June 13, 2011 at 7:31 am

    At least there’s a Doctor Barbie…

  2. Lindsay Cross

    June 13, 2011 at 9:47 am

    Koa, I really love what you’re saying here. I understand that toys and media can influence children. But more than anything, we need to be talking to our children, both boys and girls. We need to explain how important education is and how much we value their thoughts and contributions. I think this, more than any product boycott, can change our cultural outlook.

  3. Mary-Kate

    December 22, 2011 at 2:43 am

    I grew up playing with most major doll brands (of my childhood), Barbie, My Scene, and yes Bratz. I never saw anything wrong with them. I never aspired to be like my dolls, that is one of the most ridiculous things I’ve ever heard. Most young girls like Bratz, because they’re different. (or at least they were when I played with them.) I didn’t even know what a Slut was when I played with them. I just saw them as dolls, nothing more.

    • Jen Clark

      March 13, 2013 at 6:47 pm

      Oh wow, I almost forgot about my scene, they were kinda like the “inbetween” of barbie and bratz, or the more grown up version of bratz. My moms friend always called her the “estranged slutty sister of barbie” lol

    • Lisa Cheche Mako

      September 2, 2013 at 12:30 pm

      yaaa for you my daughter loves all kinds of dolls (except baby and 18 inch ones) I let her have them because she enjoys them

  4. Jen Clark

    March 13, 2013 at 6:43 pm

    I remember those old candy cigarettes, I often got them as hand outs during halloween, they had a weird chalky texture, but a really sweet flavor, of course, when most kids were walking around in the school yard, “smoking” them as a new fad, I had already long devoured mine, it’s no surprise they were banned from my school. I never really saw bratz dolls as anything evil, sure they may seem like they perpetuate stereotypes among some moms, but in the same way some creationist moms think toy dinosaurs are evil because they teach children evolution. I mean the reality is, it’s just a toy for imaginary play, as long as you instill your children with a moral code, and the differences between right and wrong and reality from imaginary, you shouldn’t really be that worried. I’m worried about my daughter growing up smart, educated, healthy and safe, I’m worried about whether the guy down the road is a potential kidnapper or not, not about what kind of dolls she plays with.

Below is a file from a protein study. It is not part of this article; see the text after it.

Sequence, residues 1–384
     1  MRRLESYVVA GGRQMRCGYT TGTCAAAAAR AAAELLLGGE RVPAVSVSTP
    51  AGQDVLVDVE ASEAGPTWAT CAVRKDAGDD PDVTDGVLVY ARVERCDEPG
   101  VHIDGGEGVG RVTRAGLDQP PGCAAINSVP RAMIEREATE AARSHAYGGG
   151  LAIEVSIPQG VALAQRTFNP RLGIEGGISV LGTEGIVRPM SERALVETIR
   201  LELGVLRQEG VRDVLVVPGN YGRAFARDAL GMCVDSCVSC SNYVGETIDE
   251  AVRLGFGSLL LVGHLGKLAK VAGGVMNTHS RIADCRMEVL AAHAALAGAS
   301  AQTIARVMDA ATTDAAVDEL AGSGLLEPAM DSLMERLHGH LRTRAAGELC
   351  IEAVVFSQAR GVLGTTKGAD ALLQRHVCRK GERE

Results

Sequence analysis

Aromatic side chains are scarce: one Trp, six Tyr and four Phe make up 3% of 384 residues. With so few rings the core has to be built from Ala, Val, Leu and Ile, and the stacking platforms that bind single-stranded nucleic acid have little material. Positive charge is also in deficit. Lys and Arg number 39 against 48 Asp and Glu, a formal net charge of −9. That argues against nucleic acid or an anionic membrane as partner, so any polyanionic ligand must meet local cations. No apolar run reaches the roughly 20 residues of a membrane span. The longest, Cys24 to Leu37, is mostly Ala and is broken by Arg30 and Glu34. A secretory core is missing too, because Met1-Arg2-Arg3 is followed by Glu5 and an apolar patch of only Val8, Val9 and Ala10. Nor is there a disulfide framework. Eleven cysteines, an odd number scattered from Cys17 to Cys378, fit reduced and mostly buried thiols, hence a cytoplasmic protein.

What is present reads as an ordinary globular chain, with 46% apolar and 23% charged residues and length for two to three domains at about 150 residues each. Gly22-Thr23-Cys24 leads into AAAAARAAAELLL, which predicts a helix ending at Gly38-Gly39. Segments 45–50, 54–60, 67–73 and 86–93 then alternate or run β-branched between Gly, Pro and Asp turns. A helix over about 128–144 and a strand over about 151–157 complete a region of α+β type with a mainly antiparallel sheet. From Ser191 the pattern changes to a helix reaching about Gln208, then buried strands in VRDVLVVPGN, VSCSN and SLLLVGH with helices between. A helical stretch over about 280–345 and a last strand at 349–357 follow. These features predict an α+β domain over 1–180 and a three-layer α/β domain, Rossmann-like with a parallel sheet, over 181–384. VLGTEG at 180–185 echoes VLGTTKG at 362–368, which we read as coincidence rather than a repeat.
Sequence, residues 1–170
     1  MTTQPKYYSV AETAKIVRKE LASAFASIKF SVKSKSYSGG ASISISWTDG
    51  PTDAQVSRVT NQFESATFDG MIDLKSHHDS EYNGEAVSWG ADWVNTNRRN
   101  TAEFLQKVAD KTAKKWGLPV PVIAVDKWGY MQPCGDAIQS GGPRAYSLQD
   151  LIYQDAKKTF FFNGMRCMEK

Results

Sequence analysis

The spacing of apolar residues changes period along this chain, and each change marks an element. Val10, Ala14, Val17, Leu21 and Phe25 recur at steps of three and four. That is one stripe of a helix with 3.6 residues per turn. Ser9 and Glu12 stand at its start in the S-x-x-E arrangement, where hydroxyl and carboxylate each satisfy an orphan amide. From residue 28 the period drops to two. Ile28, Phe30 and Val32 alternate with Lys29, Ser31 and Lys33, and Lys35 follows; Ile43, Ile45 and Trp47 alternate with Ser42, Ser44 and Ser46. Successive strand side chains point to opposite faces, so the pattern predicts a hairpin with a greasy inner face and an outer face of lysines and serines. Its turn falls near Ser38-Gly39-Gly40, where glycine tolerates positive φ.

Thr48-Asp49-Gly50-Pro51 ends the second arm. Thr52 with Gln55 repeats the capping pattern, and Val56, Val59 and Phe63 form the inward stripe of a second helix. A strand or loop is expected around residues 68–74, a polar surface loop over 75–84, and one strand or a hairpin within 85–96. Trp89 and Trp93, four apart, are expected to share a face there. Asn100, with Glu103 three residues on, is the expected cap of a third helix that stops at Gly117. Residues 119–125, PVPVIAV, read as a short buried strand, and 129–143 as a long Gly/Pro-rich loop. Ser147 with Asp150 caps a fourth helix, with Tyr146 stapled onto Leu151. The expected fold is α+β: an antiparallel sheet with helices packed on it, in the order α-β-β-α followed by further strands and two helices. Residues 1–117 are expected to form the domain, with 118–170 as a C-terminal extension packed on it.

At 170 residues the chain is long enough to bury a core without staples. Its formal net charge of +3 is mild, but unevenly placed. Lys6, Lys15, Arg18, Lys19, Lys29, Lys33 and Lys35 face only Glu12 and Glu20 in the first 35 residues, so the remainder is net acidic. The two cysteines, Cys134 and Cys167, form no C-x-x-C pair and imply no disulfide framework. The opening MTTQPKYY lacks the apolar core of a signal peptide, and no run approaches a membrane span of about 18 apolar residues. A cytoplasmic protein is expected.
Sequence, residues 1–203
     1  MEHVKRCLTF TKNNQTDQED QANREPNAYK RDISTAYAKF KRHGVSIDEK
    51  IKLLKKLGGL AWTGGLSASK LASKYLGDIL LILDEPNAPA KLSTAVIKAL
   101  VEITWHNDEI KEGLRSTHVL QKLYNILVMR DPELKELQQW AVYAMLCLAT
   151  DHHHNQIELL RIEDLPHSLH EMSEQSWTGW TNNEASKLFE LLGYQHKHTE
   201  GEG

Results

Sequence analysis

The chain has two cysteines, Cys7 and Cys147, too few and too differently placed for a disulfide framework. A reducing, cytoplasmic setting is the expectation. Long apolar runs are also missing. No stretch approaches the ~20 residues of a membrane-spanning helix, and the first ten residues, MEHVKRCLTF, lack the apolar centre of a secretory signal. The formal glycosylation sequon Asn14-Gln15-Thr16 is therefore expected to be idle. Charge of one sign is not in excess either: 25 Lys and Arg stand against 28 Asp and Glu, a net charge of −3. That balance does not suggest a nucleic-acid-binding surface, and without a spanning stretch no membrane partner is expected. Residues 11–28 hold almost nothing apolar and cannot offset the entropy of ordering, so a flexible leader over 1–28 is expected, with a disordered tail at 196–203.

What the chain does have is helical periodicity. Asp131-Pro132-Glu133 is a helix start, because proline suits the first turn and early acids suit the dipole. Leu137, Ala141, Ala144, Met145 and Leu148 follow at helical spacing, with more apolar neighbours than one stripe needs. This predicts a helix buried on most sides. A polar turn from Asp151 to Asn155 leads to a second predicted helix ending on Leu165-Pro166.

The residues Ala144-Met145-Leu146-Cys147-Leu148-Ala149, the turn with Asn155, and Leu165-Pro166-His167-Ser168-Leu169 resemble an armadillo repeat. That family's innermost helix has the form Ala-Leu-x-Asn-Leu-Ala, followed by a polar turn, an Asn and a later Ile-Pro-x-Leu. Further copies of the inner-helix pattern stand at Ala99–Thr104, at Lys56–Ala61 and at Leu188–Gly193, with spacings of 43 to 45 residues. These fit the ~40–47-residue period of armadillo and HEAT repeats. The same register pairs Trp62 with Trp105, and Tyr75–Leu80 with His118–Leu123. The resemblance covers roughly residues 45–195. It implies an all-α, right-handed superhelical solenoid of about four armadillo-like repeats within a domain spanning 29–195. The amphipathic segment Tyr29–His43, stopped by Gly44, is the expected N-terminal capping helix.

5. gothicgaelicgirl

    September 13, 2013 at 5:17 pm

    anyone remember the DivaStarz? they were great, they were animatronic (spell??) talking dolls you snapped clothes onto- as in, actual clothes. 90’s style capri pants, butterfly t-shirts, no hint even of knickers- the underwear was little girl-shorts and a vesty top.
    i loved this doll, i despised barbie. the one barbie I had, I gave spiky Joan Jett style hair (she was my idol along with Siouxsie as a kid, mom raised me on 80’s music).

    i think it’s all how you portray to your kids what is and isn’t acceptable in a normal everyday situation as opposed to playing in your room.

  6. Pingback: Bratz Dolls Reimagined As Extraordinary Women | Furniture